have you tried a pleating board, they used one on project runway and i want so much to find one and give it a try. I have the simplicity costume pattern 2172 and the skirt looks like it has about a millon pleats around the bottom. But if you had one it might make the shearing easier. Maybe.. i havn't found one yet.

  6. KharminJ | | #10

    Oh that's GORGEOUS!

    Ooooh Yum-Yummy -- *I'm* drooling here - all over the keyboard!!!  LOL ~ http://www.morilee.com/bridals/bridal/2511

    - and letting the ol' thinker think about possible approaches ...

    meanwhile, will you really be able to re-use parts of the 1st muslin, or would it be easier, ultimately, to start from scratch for this one? (Just thinking to conserve energy and aggravation for ya... )

    Happy Saturday!  K

    1. Julie18 | | #12

      Already ripped the bodice apart and rebuilt it.  I used a piece of my giant skirt cut on the bias for the ruched middle-I actually gathered it and sewed it to the front only.  Then  I will do two smaller pieces for the back.  My dear fiance won't know the difference between ruching and gathering anyway.  I have a beautiful lace table cloth that was actually a wedding gift from my grandparents to my mom and dad for their wedding, which is sadly a victim of moth holes and gravy stains--but, there are beautiful motifs in it which will fit perfectly over that bodice.  Thanks for all the suggestions,  I will keep you posted.  :-)  I will post pics of the progress if I can get it to work.  LOVE this board!!! What a bunch of helpful and creative people I have found here!!!!

      1. Julie18 | | #13

        I'm a dork

        I meant to say he won't know the difference between ruching and pleating.  What i've done so far will probably work fine.   will just make some pattern pieces out of tissue for the outside of the dress for the gathered overly to elongate the bodice to hip level.  I'm starting with McCalls 5321 or the top and Vogue Retro 8729 for the skirt by the way.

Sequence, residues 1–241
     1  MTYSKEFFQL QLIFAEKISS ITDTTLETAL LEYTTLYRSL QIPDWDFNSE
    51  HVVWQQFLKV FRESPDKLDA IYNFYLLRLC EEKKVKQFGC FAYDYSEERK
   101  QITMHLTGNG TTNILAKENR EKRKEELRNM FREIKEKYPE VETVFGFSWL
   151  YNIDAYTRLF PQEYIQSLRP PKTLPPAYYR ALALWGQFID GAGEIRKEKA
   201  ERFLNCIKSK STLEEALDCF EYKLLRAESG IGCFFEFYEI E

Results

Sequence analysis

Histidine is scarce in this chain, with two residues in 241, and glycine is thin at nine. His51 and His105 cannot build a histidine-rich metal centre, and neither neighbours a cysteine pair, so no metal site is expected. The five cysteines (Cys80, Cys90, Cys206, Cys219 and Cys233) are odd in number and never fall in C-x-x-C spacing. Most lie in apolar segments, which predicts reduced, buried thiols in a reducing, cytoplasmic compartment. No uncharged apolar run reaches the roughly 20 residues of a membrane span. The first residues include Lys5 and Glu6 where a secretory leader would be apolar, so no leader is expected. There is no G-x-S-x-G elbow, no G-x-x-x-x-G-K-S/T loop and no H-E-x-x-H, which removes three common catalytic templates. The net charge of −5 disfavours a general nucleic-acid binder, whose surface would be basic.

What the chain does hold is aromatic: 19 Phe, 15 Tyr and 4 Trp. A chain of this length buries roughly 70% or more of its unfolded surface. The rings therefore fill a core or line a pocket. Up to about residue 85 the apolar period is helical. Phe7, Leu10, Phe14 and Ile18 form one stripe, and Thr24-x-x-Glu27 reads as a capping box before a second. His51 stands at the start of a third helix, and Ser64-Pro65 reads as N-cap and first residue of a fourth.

I posted a pic of the almost complete muslin---Waaaaa!!!! and the newer version I did in my secret lab this morning.  Disregard the broken window, LOL  I don't live in a crack house.  My son threw a dart at that nice new window--grrrrr- and I still haven't gotten a replacement for it. 

      2. KharminJ | | #14

        the pics won't open ...

        Hoping that by Replying to the previous post, you can still "edit" your I'm a Dork one. :)

  7. KharminJ | | #11

    morilee.com/bridals/bridal/2511

    From here, it looks like the only part that's really asymmetrical is the beading and the grabbed-up side of the skirt? If so, the beading could be an overlay, constructed and decorated separately (and later :) )

    Also worth considering... making -and wearing- the bodice and skirt as two separate pieces. Might simplfy design, construction, dressing and undressing! 

    (I know this ^ all isn't directly addressing the 'ruching' - just trying to break the whole thing into more-bite-size pieces - to make it easier to approach individual parts and challenges...)

  8. Elizabeth822 | | #20

    RE

    my sister's wedding dresses was bought online from dressfirst.com.It's not bad and the good service.

    premium quality.

    you can have a try.it is the site

    http://www.dressfirst.com/